From the DVD case: A mysterious UFO crashes near Los Angeles and unleashes an invisible alien from an unknown planet. “The Phantom” goes on an unwitting rampage of death and destruction as it struggles for survival in a strange new world. A group of valiant scientists race against the clock to find the creature before further disaster ensues.This remarkably serious film noir documentary-styled science-fiction epic was directed by W. Lee Wilder (Billy’s brother) who was also responsible for such similarly sober “masterpieces” as The Snow Creature (1954) and Killers from Space (1954). (1953, b&w)
Mark says: When I first watched Phantom from Space, I didn’t think much of it. In fact, I still don’t think much of it, but I have cultivated some fondness for the movie with repeated viewings.
The most frustrating element of Phantom from Space is that it is treated as a mystery when the viewer knows, if not from the title, then from the movie’s previews, that the “mystery” is a phantom from space. Still, we suffer through countless minutes of dialog while police and military inspectors unravel the riddle (in a Dragnet sort of fashion) at a painfully slow rate. You could easily start the movie, walk away and prepare some popcorn, shave, feed the cats and change the litter without missing any significant information. Ok, I might be exaggerating a little, but not much.
When “The Phantom” (Dick Sands) finally does appear, the pace picks up slightly. While visible, the alien looks sort of like a guy running around in a beekeepers jumpsuit and a diver’s helmet. However, when cornered, he takes off the suit and we discover (“discover” isn’t exactly the right word, as we’ve known all along) that he is invisible.
Unfortunately, the invisibility effects are unimpressive. They consist primarily of things like doors opening and closing by themselves, or a chair shifting when no one is around. We never feel anything remotely similar to awe or dread.
There is sort of an enjoyable camp element to the film, though. The narration, as well as the overall acting, is ultra-serious, making the drawn out investigative portion of the movie more bearable. The concept of a benign alien crash landing on Earth is also marginally interesting. However, this same concept played out much better in It Came from Outer Space, which, incidentally, was released the same year.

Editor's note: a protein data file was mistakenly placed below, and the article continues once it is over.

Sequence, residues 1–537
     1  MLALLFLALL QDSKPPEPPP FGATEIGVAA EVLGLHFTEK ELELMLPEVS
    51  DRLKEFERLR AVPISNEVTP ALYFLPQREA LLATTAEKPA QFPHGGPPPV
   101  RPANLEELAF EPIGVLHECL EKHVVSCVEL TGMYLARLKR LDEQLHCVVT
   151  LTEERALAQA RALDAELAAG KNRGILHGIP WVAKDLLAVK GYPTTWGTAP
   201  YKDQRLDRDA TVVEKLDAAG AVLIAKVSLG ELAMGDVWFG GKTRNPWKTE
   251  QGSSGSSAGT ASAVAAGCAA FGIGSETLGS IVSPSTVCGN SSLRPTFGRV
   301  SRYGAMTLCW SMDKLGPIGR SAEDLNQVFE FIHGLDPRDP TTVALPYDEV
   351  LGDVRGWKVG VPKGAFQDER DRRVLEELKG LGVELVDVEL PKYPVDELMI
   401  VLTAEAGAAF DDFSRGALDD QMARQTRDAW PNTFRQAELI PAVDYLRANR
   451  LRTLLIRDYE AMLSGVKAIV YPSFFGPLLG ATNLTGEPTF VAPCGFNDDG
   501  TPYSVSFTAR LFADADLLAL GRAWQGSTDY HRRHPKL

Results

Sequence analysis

I also give Phantom from Space some credit for giving a woman (Noreen Nash as Barbara Randall) such a significant role. Nash’s character doesn’t appear until the second half of the film, but the true “revelations” don’t occur until she is onscreen. While the men talk and talk, Mrs. Randall, in a comparatively short time, is communicating with the being and discovering its purpose on the planet.Barbara’s husband (played by Steve Clark), in contrast, is almost completely impotent. While Mrs. Randall stays late at the lab and explores secrets of the universe, Mr. Randall is given the chore of picking up items on the grocery list. This strikes me as a mildly intriguing concept, considering the era and mindset.
Phantom from Space is stocked with familiar faces: Ted Cooper (20,000 Leagues Under the Sea) plays Lt. Hazen; Harry Landers (Rear Window) is Lt. Bowers; James Seay (Beginning of the End, The Amazing Colossal Man) portrays Maj. Andrews; Tom Daly (The Angry Red Planet, The Man from Planet X) is Agent Charlie; Michael Mark (The Wasp Woman, Attack of the Puppet People) has a role as the refinery watchman; Jack Daly (Return of the Fly) is annoying newspaper man, Joe Wakeman; and Rudolph Anders (Frankenstein – 1970) is featured as Dr. Wyatt.
General film enthusiasts will have no use for this movie, but fans of low-budget, 1950s, sci-fi may find Phantom from Space a minor treat.
Phantom from Space is directed by W. Lee Wilder (Killers from Space).
Scene to watch for: Ultra-violet light exposes the hand of “The Phantom” as he taps out code with a pair of scissors.
Line to listen for: “This guy’s walking around in a monkey suit – killing people.”
Mark’s Rating: ! ! out of 5.